If we indeed had a user-centric view of our online personal data, it would be trivial to build this out.

Imagine a different future built on Blockchain technologies, where users want online services to track them more – because it is done securely, privately, and in a manner that works in the user’s interest – not showing you intrusive ads for beer in the middle of a meditation video. Users will be disturbed that you aren’t tracking their purchase history, in the same manner they’d worry their doctor has not fully read their medical history. They’d worry the devices aren’t listening to them, and automatically playing the song you are lightly humming. Can we have privacy, while delivering real user value, fueled by good business models?

This is the future we are building at Friday Night Labs.

(This story originally appeared on my personal blog:

Ash Sharma is the founder of Friday Night Labs, a new venture focused on building a P2P economy based on Blockchain technologies. A veteran of internet products, with a strong interest in Data Sovereignty, he blogs about blockchain on

Age of Privacy – through Blockchain


By now, you may have heard of the pronouncements of a few Silicon Valley titans (e.g.) on how they do not want government regulation…uh, kind of important? One small problem – their incentives are completely misaligned with those of users. Users want to open their kimono in the least – while advertisers (the real customers of these companies) want….The Full Monty. As I have written before, this is ultimately a problem of business models. It is the fundamental dilemma that the Internet has grappled with for the last 25 years, and why annoying ads, fake news, misinformation, mob mentality have become dominant. Also dominant – the dolla dolla billz top internet companies are making, while not really solving these big problems. As a technologist, let me dare to dream.

In this piece, I will introduce the CUTS framework (Control, Utility, Transparency, Security), which should be the user’s contract with Internet services, with respect to personal data. I will also explain how Blockchain technologies can implement such a framework – and ultimately, a better Internet.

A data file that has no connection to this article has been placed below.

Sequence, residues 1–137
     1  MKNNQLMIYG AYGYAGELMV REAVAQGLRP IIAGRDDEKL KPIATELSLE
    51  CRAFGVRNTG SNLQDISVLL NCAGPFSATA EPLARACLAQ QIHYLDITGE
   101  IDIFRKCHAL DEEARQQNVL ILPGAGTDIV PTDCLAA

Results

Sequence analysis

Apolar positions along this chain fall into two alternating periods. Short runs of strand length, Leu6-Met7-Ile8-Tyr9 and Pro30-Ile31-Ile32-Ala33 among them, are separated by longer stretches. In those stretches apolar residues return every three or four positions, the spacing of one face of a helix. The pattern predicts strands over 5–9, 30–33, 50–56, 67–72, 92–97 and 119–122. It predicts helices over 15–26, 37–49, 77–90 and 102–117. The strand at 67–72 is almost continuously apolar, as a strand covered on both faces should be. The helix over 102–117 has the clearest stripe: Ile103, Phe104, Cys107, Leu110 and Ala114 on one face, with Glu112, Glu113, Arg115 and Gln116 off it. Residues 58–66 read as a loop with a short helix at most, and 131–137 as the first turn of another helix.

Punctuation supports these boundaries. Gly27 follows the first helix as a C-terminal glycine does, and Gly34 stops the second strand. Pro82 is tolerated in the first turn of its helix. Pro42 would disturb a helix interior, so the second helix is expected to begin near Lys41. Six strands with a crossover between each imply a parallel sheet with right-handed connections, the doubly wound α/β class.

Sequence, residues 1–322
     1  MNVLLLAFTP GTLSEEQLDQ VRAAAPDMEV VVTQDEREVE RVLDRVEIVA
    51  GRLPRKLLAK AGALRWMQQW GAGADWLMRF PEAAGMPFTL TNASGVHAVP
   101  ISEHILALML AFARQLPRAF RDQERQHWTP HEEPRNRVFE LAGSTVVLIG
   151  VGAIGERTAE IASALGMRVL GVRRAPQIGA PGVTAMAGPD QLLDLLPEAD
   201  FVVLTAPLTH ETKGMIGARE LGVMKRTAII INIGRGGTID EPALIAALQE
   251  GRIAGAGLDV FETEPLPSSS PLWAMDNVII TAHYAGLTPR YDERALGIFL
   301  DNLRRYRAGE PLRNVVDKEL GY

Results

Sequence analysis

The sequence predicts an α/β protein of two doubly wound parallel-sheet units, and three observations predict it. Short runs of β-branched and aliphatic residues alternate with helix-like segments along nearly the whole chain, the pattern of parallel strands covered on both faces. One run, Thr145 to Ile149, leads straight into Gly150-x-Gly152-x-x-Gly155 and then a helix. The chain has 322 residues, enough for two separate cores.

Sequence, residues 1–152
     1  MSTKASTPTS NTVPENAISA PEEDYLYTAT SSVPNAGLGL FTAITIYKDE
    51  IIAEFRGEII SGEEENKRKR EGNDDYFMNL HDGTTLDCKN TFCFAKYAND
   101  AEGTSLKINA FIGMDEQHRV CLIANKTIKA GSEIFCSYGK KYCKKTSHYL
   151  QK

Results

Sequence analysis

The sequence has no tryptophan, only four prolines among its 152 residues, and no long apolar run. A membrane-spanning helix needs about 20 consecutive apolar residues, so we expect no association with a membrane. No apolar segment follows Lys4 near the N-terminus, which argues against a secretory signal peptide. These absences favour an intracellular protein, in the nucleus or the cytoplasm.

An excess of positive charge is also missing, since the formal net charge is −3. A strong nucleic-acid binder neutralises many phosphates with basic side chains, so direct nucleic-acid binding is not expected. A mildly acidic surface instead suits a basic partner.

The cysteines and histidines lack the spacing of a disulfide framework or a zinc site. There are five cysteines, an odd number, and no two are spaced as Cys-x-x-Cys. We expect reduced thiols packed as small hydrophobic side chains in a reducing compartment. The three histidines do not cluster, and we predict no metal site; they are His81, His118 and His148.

Privacy can be delivered, while creating even better business models.

Control: You have a locked door in your home so you can control who gets in. Imagine if some strangers have a houseparty in there without you knowing. Everyone impacted by Cambridge Analytica who had personal details shared with third parties probably has a similar feeling. Made any mistakes as a teenager? Not proud of pictures uploaded to social media after a night out?

Blockchain-based future: We encrypt high-value personal data and store it on blockchain, where it is available forever under your control (private key). Software agents run on your personal devices and ALL access to your data, without exception, is moderated by them, under policies chosen by you. All access is authenticated – you know who is using what data, why, and can cut off access at any time. This can be fully automated with even current AI capabilities. The Right to be forgotten – is as simple as dumping a private key. No forms to fill out – done.

Utility: We don’t want to be luddites and lock all our personal data into hard drives stored in the basement. Personal data is tremendously useful if traded securely. Imagine getting recommendations on a surgeon based on which other patients similar to you have been successful with them – not based on biased or fraudulent reviews, but from verifiable data. 

Blockchain-based future: Most Blockchains have a native token and a concept of networked value exchange. We can develop market-based mechanisms that incentivize sharing of quality data, price that data in, say, Bitcoin, and reward users who created that data. This upends annoying advertising, and instead creates a more efficient economic system of data exchange. This is our focus at Friday Night Labs.